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Updated: 07/2010


When we speak of Browsers, we refer to the application software used to view websites on the internet. You are using one right now to view this website. Early on in web development, there were only a handful of browsers available, which quickly blossomed into dozens of variants by the late 1990's. Although many of these still exist, the more dominant browser engines have evolved to take the lead in the market share.

Which is the most popular Browser?

For the majority of the late 90's and early-mid 00's, the Trident Browser Engine, used by Microsoft Internet Explorer (MSIE or IE), was the most popular browser, if you include the many versions of IE available (namely IE8, IE7, IE6, and IE5.X). In second place was the Mozilla/Gecko browser (previously related to other browsers such as Netscape, Safari, Konquerer), engine in use by Firefox (FF). By the time of this article (July, 2010) (resource: W3S), FireFox was the leading browser (46.6% of internet viewers use it).

So FireFox is the best?

Like many things, popularity is largely a personal preference. On the basis of website design, and seasoned internet usage, most PC users agree that FireFox is the best browser to use, based on it's adherence to Web Standards, and flexible usage and personalization (through the use of upgrades and plugins). IE6, although previously one of the most popular browsers ever (at one time holding a 71% share of the Browser market), was one of the biggest violators of Web Standards and a significant obstacle for web designers. IE7 and IE8 have made huge leaps forward toward Web Standards compatibility, almost rivaling FireFox, but the new look and feel of IE7 and IE8 has kept a number of IE6 users from upgrading. Like with most things however, we stick to what we know and what we are comfortable working with. IE7 and IE8 departed from the traditional Explorer layout, which has made the transition difficult for long time IE users. This is unfortunate, since IE8, from a web standards and web design viewpoint, is probably the best browser version of Explorer available.

Time out...what are Web Standards?

Web Standards are, in the most simplistic terms, a way to ensure consistency across web browser platforms. The use of web standards helps ensure that a website using proper code techniques appears the same on all viewing applications. This is difficult enough, considering the many methods used to create web site content. Now throw in the fact that every Browser interprets the code differently (even if all code was completely standardized), and you begin to see the immense problems that occur, even if we ignore small handheld systems like PDA's and cellphones that can view web content, let alone different operating systems (Mac vs. PC vs. Unix/Linux), screen resolutions, etc. Massive efforts have been under way for some time to create these Web Standards, which is a constantly evolving process due to technological advances.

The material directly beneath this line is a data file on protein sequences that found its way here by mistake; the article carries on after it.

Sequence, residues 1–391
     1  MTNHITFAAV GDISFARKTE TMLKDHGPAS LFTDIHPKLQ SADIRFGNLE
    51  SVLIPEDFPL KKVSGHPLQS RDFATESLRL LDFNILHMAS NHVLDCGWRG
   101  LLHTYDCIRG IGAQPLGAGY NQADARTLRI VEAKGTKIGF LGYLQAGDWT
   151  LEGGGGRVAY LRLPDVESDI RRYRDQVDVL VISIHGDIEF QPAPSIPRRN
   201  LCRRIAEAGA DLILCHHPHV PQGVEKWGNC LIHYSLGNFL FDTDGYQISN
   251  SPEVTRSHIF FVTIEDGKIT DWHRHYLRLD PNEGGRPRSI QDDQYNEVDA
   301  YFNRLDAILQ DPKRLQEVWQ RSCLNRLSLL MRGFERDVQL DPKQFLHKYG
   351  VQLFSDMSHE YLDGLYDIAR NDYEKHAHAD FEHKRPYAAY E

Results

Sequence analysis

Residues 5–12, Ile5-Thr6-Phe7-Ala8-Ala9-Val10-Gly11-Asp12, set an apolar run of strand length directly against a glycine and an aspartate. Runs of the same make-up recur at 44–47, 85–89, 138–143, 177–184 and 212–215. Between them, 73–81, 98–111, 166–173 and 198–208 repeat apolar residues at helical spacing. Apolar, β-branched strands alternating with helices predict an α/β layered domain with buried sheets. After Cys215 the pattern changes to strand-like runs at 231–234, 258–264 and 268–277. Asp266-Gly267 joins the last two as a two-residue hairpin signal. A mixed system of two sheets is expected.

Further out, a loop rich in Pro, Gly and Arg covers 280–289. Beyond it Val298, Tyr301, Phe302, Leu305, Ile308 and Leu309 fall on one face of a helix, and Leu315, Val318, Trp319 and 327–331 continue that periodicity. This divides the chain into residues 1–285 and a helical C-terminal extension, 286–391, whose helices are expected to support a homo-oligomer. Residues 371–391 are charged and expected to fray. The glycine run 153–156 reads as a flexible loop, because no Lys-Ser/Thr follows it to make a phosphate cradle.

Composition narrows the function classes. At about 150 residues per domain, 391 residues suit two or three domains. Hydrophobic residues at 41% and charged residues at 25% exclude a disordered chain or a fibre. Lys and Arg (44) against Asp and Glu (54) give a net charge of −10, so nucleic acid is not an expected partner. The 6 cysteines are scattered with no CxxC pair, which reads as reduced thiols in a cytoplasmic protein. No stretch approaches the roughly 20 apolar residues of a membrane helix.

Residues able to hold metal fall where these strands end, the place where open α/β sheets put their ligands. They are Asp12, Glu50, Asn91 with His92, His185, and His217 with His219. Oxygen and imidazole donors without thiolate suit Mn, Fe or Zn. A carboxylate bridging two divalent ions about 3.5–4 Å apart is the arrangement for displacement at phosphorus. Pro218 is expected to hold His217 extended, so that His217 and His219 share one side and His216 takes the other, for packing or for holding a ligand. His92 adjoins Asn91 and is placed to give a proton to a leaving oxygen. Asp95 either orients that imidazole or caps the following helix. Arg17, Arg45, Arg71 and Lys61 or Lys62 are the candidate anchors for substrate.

Web designers are extreme proponents of Web Standards (you may even consider them fanatics), since it helps to ensure that the websites they create are displayed the same on every browser. As it is, in order to do so, a web designer has to add significant amounts of code to their websites to 'cheat' the appearance in different browsers, or make multiple versions of their websites for each of the popular browsers. I think we can all agree that this is a waste of time and resources. When FireFox was released, it caused considerable amount of joy in the hearts of Web Designers. The code they were creating, for the first time, displayed as it should have in a web browser. This was a huge sigh of relief, considering that at the time, IE6 was taking over the reigns from IE5.X, and as we mentioned earlier, displayed web pages considerably different than what they should have. The recent releases of IE7 and then IE8 is almost on par with Firefox (2.0 or 3.0) in regards to how it processes and displays web site code.

Frustration amongst web designers has grown so much over IE6, that there is actually a grass-roots campaign to stop all code modification/hacking to websites in order for them to display nicely in IE6. In effect, they are hoping that if users of IE6 get tired of seeing enough 'broken' websites, they will be forced to upgrade to IE8 (or another compliant browser). The thing to keep in mind is that if you see a 'broken' website in IE6 or earlier versions, it is more than likely not truly broken, and not the fault of the designer. Naturally, we can't say this is true in all cases since there are bound to be some lazy/uneducated web designers out there, or, as in most cases, the web designer is simply following the demands of the client they work for.

Okay, so bottom line, which one should I use?

The best answer is: 'Whichever one you are most comfortable with'. On behalf of Web Standards organizations, web designers, and web application coders, we strongly suggest FireFox. If however, you are more familiar with MicroSoft Explorer, we strongly recommend IE8. These two browsers, along with the current versions of Safari, Konquerer, Opera, and Netscape, are the most compliant browsers to date, and we can only hope they continue to improve on this. Chrome, on the otherhand, the recent addition to the Browser jungle by Google, is significantly lacking in terms of privacy and web standards compliance. Most professional web developers will agree on at least this one thing: Avoid Google Chrome.

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